Our X-planes scribbler, Max Cue, has just returned from a NASA experimental aircraft conference with the following report:

X-1. When is an X-plane really an X-plane? As L Overdee of Dryden says: "Why should JSF concepts be classed X-aircraft when the solar-powered Helios is not? I think any aircraft with 72 elevators and 14 engines qualifies as an experimental aircraft!"

X-2. Flight test results. Showing a video of the Helios undulating unexpectedly like an inflatable lilo after take off from the Hawaiian island of Kuaui, programme manager John Del Frate says: "It really got our attention when it started to do the 'Hula'."

X-3. Computer animations. Everyone is asked to spot the deliberate mistake as a computer-generated graphic shows a landing signals officer talking down the hot-line to a UCAV-N on approach to the carrier. "The question is… who is he speaking to? I guess if I was watching an unmanned vehicle hurtle towards me on the pitching deck with several thousand pounds of unused weapons on board I may be getting religious."

"Perhaps it's God," suggests someone helpfully.

X-4. Forecasts. Aram Mike on the future of space systems: "'Prediction is very difficult, especially about the future." When I first saw that quote I thought it was from Yogi Berra. Turns out it was from Niels Bohr - one of the most eminent scientists of our day! It was only later I discovered Yogi's quote on the subject - 'The future ain't what it used to be!'"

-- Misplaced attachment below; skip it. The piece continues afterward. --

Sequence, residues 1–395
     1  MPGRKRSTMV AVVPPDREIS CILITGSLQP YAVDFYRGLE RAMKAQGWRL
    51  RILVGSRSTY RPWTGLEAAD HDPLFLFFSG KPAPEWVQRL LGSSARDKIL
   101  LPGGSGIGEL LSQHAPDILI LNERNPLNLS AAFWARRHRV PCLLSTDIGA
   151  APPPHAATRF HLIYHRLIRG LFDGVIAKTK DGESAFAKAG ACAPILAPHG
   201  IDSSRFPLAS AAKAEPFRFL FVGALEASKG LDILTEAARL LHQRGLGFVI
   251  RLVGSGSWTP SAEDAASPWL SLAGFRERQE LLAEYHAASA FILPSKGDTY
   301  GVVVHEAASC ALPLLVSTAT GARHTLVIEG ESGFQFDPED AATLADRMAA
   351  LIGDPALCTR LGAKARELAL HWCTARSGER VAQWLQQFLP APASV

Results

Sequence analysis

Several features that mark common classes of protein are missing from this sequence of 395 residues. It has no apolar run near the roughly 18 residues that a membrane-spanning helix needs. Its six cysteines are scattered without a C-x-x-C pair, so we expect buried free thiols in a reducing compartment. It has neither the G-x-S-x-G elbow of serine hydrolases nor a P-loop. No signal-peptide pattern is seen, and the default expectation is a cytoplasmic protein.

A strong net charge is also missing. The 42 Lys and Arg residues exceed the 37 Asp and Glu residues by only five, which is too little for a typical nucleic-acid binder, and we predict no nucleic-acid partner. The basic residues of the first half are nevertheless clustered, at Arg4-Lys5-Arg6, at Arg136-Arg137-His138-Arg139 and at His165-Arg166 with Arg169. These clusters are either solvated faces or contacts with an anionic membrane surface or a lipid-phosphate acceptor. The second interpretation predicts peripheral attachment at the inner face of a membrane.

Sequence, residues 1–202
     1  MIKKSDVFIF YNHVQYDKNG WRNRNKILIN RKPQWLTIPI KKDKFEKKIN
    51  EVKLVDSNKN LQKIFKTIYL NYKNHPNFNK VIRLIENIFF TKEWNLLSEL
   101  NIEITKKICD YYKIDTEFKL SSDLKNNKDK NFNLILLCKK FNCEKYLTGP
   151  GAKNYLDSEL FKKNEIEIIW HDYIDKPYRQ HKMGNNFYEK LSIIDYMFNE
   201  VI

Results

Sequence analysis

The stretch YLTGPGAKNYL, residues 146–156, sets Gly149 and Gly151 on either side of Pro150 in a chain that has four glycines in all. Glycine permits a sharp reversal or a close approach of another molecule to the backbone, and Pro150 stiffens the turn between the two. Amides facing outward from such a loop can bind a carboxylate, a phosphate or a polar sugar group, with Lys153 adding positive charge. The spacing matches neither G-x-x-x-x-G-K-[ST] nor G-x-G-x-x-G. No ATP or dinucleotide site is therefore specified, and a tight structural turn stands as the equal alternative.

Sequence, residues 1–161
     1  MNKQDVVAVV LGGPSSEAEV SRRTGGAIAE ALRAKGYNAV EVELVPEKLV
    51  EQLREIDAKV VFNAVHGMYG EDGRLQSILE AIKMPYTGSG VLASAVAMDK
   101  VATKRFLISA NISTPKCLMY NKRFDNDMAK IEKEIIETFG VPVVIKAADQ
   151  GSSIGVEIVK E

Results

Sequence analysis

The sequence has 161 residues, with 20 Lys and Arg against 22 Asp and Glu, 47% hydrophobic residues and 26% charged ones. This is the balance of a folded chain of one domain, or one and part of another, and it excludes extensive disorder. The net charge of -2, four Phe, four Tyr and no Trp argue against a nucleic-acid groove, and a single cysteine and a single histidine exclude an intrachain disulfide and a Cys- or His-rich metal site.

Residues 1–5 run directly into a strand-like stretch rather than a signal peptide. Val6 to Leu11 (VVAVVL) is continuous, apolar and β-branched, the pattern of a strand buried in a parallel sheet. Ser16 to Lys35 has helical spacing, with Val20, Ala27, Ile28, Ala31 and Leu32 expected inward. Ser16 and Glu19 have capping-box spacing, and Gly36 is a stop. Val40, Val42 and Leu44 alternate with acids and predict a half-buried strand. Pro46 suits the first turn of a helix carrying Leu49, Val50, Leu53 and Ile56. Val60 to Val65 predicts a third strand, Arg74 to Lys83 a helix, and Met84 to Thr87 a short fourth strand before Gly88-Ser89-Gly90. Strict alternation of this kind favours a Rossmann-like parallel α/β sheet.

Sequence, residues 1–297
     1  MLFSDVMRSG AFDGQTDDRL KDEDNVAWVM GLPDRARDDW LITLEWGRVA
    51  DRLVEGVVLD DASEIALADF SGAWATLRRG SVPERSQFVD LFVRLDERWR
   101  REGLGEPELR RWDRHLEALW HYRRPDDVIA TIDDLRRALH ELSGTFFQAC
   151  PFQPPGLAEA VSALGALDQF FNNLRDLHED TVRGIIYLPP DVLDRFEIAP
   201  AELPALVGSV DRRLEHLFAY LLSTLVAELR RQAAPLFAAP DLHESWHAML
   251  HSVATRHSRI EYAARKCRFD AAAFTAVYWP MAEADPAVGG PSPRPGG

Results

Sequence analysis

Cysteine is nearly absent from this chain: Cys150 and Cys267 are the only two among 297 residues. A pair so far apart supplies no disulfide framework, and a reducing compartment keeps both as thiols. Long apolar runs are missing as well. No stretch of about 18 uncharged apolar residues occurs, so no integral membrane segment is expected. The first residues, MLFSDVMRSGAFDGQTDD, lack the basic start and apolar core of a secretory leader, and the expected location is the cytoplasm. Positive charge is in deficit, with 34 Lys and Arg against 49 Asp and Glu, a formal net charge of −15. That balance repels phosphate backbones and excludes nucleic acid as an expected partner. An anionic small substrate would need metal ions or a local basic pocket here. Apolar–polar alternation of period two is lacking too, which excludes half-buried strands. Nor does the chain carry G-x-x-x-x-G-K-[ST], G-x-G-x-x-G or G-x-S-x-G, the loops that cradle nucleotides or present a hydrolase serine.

X-5. Flight test preparation. General Strike on the delay to the first flight of the X-45 due to high winds at Edwards AFB: "The winds are so bad that one of local farmers reported his chicken laid the same egg three times."

X-6. Flight test experiences. Major Gen Joe Engle, legendary X-15 test pilot, recalls the bizarre sight of the barometric altimeter winding up as his rocket-powered aircraft blasted towards the edge of space: "I'd just look at that sucker go. When it did that you'd just have to pick the slowest moving needle and try and figure out what was happening!"

The final words on the X-planes goes to Engle. "Although I'm very proud of anyone associated with X-planes I have to tell you something. Unfortunately society at large has put a negative connotation on 'X'. 'X'-boyfriend, 'X'-wife, 'X-employee, 'X'-ballplayer… you see what I mean?"

Source: Flight International